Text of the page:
Zbigniew Herbert’s Poignant Hope

In “Biology Teacher,” Zbigniew Herbert speaks about the unspeakable: the murder of his childhood biology teacher. He is one of a generation of poets attempting to come to terms with survivor guilt after the atrocities committed in their native Poland during its occupation by the Nazis. Herbert addresses a subject of both great generational and personal difficulty with remarkable sensitivity and care. In this poem, just as in another, perhaps more famous poem entitled “Five Men,” Herbert focuses not on the atrocity of killing, but the humanity of those killed.

His poetic tactics follow two lines: detail and syntax. First, the very careful selection of detail draws out an understanding of the victims’ personality and humanity. Second, the syntax allows these unique details to be revealed in interesting ways, building up to poignant observations about the sanctity of life. In “Biology Teacher,” it is Herbert’s boyhood delights at the gross-yet-fascinating subject of biology that tell us so much about the teacher who introduced him to this world. Through careful detail and syntax, we discover what the biology teacher really taught Herbert: a relationship to the natural world involving great care, tenderness, and even respect–punctuated by moments of delight.

The poem begins with the confession “I cannot remember / his face” and proceeds to describe other features of the teacher, including the “dead bow-tie / pinned on.” Even this small detail–the bow-tie being dead, and pinned on, like a butterfly in a collection–tells us about this man’s fascination with biological specimens in life, and foreshadows his own untimely death.

The syntax of the next four stanzas mirrors Herbert’s childhood delight by revealing an unexpected detail at the end. First, the frog touched by the needle contracts violently. Then, we discover that what he is examining and describing as his “ancestor” is, in fact, a paramecium. Third, the dark kernel the teacher brings in is revealed by the word “ergot.” Finally, the longest and perhaps most convoluted revelation:

on his insistence
I became a father
at the age of ten
when after a tense wait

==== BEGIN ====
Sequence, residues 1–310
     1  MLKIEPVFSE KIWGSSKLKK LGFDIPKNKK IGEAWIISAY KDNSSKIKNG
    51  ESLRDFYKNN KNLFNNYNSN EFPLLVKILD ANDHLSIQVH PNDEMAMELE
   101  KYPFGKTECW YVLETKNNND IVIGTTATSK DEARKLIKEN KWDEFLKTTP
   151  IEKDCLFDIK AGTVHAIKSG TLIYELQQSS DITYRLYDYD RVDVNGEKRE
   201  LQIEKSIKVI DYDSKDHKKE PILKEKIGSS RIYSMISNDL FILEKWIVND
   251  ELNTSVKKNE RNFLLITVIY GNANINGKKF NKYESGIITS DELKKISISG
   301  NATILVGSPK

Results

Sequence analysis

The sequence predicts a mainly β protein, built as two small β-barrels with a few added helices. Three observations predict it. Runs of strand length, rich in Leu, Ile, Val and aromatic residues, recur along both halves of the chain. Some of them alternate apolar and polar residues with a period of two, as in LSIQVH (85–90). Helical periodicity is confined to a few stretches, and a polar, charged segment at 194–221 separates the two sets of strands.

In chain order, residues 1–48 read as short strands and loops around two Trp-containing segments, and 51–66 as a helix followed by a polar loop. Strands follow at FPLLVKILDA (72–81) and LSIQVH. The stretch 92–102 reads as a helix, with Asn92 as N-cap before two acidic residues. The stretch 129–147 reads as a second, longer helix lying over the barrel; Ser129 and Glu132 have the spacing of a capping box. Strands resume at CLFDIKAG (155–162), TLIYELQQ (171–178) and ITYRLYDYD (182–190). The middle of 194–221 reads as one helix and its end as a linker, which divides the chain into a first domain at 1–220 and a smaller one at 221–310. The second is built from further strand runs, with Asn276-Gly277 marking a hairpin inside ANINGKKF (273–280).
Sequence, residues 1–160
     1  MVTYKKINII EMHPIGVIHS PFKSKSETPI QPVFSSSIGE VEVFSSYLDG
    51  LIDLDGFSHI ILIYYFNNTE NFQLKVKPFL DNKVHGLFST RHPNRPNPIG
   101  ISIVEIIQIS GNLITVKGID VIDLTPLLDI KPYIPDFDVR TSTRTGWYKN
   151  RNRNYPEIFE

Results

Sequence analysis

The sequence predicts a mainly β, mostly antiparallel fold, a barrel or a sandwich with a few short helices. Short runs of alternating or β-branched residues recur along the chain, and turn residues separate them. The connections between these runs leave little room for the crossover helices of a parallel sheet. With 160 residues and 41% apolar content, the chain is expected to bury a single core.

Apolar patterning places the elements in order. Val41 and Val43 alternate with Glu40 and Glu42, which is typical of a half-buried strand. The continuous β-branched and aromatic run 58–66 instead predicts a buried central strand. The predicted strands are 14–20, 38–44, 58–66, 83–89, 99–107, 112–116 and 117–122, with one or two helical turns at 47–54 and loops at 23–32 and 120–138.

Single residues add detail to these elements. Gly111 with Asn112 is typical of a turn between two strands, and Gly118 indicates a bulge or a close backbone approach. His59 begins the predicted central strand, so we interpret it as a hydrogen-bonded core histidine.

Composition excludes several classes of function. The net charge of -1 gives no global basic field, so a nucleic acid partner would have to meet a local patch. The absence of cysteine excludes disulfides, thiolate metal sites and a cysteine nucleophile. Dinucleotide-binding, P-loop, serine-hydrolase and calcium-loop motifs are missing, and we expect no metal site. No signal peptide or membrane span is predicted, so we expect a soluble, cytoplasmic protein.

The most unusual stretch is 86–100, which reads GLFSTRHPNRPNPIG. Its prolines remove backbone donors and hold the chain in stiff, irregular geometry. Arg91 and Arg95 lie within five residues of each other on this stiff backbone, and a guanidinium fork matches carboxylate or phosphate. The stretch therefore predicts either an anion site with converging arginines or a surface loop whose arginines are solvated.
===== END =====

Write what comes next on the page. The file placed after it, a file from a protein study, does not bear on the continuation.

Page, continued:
a chestnut sunk in water
released a yellow shoot
and everything around
burst into song

Having built up such great affection for the teacher through the boyhood Herbert’s admiring eyes, he tells us simply that “our biology teacher was killed / by history’s schoolyard bullies.” He borrows the Allies’ wartime rhetoric, that the Nazis were nothing more than thugs, and fuses it with the childhood reference point of schoolyard bullies. This not only serves the same purpose as wartime propaganda–of not dignifying the German army as anything more than thugs–but also brings the Nazis into a child’s view of the world, where one’s worst fear is the schoolyard bullies. These bullies, however, kill.

Finally, Herbert ends by musing about what biology teacher heaven would be like, and then gives the alternative that he might instead reincarnate into the natural world he used to study and love, by becoming a beetle. Here Herbert gives himself the opportunity to demonstrate the gentle fascination for living creatures which he learned from the biology teacher, by imagining treating the reincarnated teacher-turned-beetle with care and respect:

I go up to it
make a bow
and say:
– good day Sir
permit me to assist you –

I transfer him gingerly
and watch him go off
until he has vanished
into his murky professor’s office
at the end of an avenue of leaves

What a remarkable reconciliation. We have come full circle from Herbert not remembering the teacher’s face to this final gesture of imagined tenderness, a survivor’s consolation at the thought that by being kind to insects he could somehow carry on the real teaching of his biology teacher–of respect and compassion for even the smallest of living things. This small, simple kindness set against the unthinkable horrors of Poland’s Nazi occupation, resounds with a universality and an earned sense of poignant hope.